I also unfortunately continued to get a lot sicker. Now along with my debilitating fatigue and pain, I noticed a decline in my short term memory, tremors started in my hands and legs, and my sensitivity to sound and artificial light grew almost unbearable at times. Everything in my environment had the potential to hurt me including the sound of my loved ones voices and movements. A door closing in another part of the house could reverberate through my body as if someone struck a match against my bones and lit my nerves on fire.

So more and more I turned to nature and outdoors to cool my hyper-reactive system. The hours I spent in non-verbal bliss had profound effects on my ability to negotiate with my internal environment as I tried to find safety in the external ones. I took my cues from nature and began the slow process of living a life more grounded in the natural world and the innate spirituality that exists within it.

I became so convinced that the only path forward lay in that direction that in September I decided to take a formal training course in energy healing (an adapted method inspired by principles of Reiki). It was here that the most incredible things happened. Most of which I will get into at another time. But most profoundly, I saw that the painful noise I thought I lived in was rather a collection of unsynchronized voices. Some of which I was beginning to hear. One of these voices told me very clearly that my diagnosis was not complete. It also told me that my family doctor would not be the one to help me. Our glorious Canadian healthcare system had failed me. I can be grateful out the ass for what it represents and provides countless others, but my truth was that at times this system had let me down. In fact, I found that 90% of my experiences with it were riddled with dangerous compromises, negligible behaviours, bias, sexism, and apathy (likely a result of a system that favours bureaucrats with medical degrees over healers). It made me sick to my stomach to imagine what it must be like for people who have been abandoned and abused by these systems for far longer and in far more systemic ways. I desperately wanted to crawl deeper into my hole of being undeserving but I was angry enough not to.

Then another dear friend sent me the video of a doctor in California who was practising functional medicine but in a profoundly connected and forward-thinking way. He was looking at the synchronicities and symmetries (or lack thereof) within the body and how they can manifest as a series of seemingly unrelated symptoms.

I started watching the video and within 5 minutes of an hour long video I knew with my full being that this man would become an essential part of my story. I messaged him on FB before I even finished the video and within 15min got a response. I spoke with him and decided to take an enormous leap (met with a lot of resistance even within my support system) and paid a good chunk of change (in USD of course eyeroll) to have him do a case review of my medical history. Not after I used his 15min free consultation to, as I put it to him, “look him in the eye” and make sure he wasn’t lying when he said he wanted to help me.

I spent the next month collecting all of my medical records, filling in form after form asking me bizarre and highly specific medical questions and testing my cognitive abilities. I was also asked to do a number of blood tests and other minor things to help paint a picture of my what my body was doing. Then, last but not least, I wrote out my whole medical story. I began my story with what I believed to be an insignificant concussion that happened more than 10 years ago but really only got into the meat of my ups and downs from 2013 onwards. This was challenging because of how compromised my memory is. A combination of my condition, PTSD, and a desire to detach from the unbearable process of coming to terms with why you lost your marriage in the fire. So I took my 287 page medical records from my family doctor (which starts in 2013) and I slowly used that as a rough map to sketch out a timeline of my health. Without meaning to, it became a much bigger story. I included major moments in my marriage, my career, my personal journey, and of course all of my significant interactions with the medical system. When I finished the document I saw a very clear picture. I saw that my intuition had almost always been right and when I chose to listen to it – the needle in my life moved. I also saw the little notes my family doctor wrote that clearly showed his bias; I would need to be more cautious about my relationship with him. This was a harrowing but incredibly healing process. After crying in my mothers arms for almost a week straight, trying to summon the strength to see it through, I sent it all off and waited.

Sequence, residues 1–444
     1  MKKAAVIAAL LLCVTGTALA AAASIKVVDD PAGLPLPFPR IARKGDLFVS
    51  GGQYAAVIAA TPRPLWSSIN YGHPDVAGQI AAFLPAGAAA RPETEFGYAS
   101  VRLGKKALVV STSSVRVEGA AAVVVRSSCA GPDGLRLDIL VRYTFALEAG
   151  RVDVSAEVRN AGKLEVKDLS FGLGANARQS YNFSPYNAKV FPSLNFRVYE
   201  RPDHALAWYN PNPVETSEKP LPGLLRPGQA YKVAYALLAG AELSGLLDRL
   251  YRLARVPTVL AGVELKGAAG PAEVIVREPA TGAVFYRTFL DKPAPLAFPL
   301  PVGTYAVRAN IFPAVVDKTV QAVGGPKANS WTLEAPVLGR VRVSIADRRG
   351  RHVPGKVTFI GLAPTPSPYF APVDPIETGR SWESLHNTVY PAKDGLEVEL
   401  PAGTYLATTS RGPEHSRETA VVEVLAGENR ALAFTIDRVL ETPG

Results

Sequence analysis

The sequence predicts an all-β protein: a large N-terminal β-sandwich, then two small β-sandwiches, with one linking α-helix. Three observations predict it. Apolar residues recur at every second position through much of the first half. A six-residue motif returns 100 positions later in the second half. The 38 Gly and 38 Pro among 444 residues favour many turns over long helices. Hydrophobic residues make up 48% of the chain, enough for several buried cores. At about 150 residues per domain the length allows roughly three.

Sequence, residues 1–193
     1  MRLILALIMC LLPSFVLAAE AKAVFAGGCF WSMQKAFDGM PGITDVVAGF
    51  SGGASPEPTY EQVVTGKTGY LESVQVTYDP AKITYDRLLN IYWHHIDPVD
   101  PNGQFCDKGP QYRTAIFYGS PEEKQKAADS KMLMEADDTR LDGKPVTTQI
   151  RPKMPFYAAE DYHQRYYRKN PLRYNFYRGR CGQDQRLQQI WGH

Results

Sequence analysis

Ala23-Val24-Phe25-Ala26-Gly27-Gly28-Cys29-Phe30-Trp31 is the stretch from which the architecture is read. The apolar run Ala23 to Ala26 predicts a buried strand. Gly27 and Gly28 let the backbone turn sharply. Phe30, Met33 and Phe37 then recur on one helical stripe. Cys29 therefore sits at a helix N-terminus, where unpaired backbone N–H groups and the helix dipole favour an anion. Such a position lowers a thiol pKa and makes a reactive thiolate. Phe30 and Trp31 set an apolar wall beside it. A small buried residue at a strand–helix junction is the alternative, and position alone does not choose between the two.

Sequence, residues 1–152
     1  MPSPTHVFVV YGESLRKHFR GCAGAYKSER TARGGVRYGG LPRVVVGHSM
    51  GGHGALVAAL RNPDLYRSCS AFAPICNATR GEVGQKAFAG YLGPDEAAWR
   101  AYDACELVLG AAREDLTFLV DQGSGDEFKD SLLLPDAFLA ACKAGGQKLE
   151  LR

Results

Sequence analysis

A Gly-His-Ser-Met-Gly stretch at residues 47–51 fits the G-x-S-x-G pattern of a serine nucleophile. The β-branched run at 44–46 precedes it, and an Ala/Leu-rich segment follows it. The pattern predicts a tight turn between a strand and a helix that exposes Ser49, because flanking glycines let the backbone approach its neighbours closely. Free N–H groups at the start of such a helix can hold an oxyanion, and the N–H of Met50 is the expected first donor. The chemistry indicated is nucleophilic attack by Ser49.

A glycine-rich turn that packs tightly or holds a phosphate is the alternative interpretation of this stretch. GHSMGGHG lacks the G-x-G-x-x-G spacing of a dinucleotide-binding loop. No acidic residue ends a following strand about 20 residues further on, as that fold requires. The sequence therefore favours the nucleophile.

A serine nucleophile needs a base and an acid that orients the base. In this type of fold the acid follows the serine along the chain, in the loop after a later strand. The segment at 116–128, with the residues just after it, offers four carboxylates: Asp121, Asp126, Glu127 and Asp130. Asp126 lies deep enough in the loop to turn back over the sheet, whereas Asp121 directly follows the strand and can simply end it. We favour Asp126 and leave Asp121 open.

A day before my phone call with the doctor in California where he would share his case review findings with me, I sat with my now dear friend, whom up until now you’ve only known as my employer at the local arts cafe, smoking a joint in her eclectic little apartment. “My life is going to change tomorrow. It’s a profoundly unique experience to know that I will not be the same person tomorrow that I am today because of this one phone call.” She not only held space for me – she took my hand and waded into the dark waters. Protected by the wisdom and belief she had earned through her own health trials – slaying beasts you can’t imagine. It was a comfortable and even exciting space for her to sit with me here and seeing that made me get a little excited too.